Finch bassist Tony Strain was still in 6th form at Christian Brothers College in Sutherland (Sydney) when the band (formed from the remains of a group called Stillwater) won the 1973 2SM/Pepsi Pop Poll for which the prize was $1000, 18-week scholarships at the Conservatorium of Music, performing engagements for 2SM concerts and the chance to perform at the opening celebrations of the Sydney Opera House.
A subsequent contract with Picture Records resulted in their first single, And She Sings, released in January 1974.
The band also appeared on the soundtrack album to the surfing film Drouyn. Finch’s three rock tracks – Sail Away, Lady of Truth (the song which won them the Pepsi Pop Poll) and Roses – appeared alongside jazzy incidental material.
The band settled into the pub rock circuit and released the self-financed (and hugely underrated) Thunderbird album in May 1976. Owen Orford was a flashy frontman with a confident rock voice and a neat line in microphone stand acrobatics.
In December they released the excellent single Short Changed Again, which peaked at #29 on the Sydney chart.
Finch moved to Melbourne at the end of 1976 and embarked on a successful tour with Supernaut.
In March 1977, just as Finch was making commercial headway, 19-year old Spencer left to replace Red Symons in Skyhooks. Bassist Tony Strain also left the band.
The band went through a rash of new players (Gary Quince, Skeeta Pereira, Sam Mallett and Graham Thompson) before the line-up stabilised with the arrival of Mark Evans (ex AC/DC) on bass and Graham Kennedy and Chris Jones on guitars.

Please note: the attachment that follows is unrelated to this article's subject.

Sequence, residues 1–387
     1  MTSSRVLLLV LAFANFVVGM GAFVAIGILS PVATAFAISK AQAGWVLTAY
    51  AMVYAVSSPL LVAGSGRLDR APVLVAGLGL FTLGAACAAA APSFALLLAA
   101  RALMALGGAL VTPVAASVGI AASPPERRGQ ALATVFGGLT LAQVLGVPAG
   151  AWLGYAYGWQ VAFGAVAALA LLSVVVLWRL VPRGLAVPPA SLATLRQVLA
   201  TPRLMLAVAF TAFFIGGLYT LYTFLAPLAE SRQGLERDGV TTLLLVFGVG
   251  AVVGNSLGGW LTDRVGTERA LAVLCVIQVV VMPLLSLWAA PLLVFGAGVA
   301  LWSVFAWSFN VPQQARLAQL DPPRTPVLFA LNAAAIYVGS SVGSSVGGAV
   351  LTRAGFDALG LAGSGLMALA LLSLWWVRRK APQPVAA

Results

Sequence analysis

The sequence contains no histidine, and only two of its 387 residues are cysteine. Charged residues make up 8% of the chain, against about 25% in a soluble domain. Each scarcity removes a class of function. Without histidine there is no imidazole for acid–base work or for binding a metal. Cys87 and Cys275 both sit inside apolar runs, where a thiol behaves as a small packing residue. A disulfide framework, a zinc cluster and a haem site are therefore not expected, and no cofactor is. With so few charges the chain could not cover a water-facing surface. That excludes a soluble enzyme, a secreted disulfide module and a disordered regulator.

The band signed to CBS/Epic and issued the single One More Time in October 1977. Dave Hinds (ex-Rabbit) replaced Chris Jones (who joined Feather) in December of that year.
The band began to move in a more commercial hard rock direction, and the next single, Where Were You? reached #14 in Melbourne and #33 in Sydney in February 1978.
The album Nothing To Hide produced a second single, also called Nothing To Hide (May 1978). Finch then signed with CBS’s US subsidiary label, Portrait.
Due to the presence of a Dutch band also called Finch, the band then became known as Contraband.
Portrait issued Contraband’s debut single, That’s Your Way, in October 1978 and in that same month, Barry Cram (ex-Avalanche) replaced McFarlane, who joined Swanee.
The Contraband album was released in May 1979, accompanied by the singles Rainin’ Again and Gimme Some Lovin’ (a cover of the Spencer Davis Group track). The album created interest in the USA but was not successful in Australia.
Portrait dropped Contraband later in the year and the band broke up.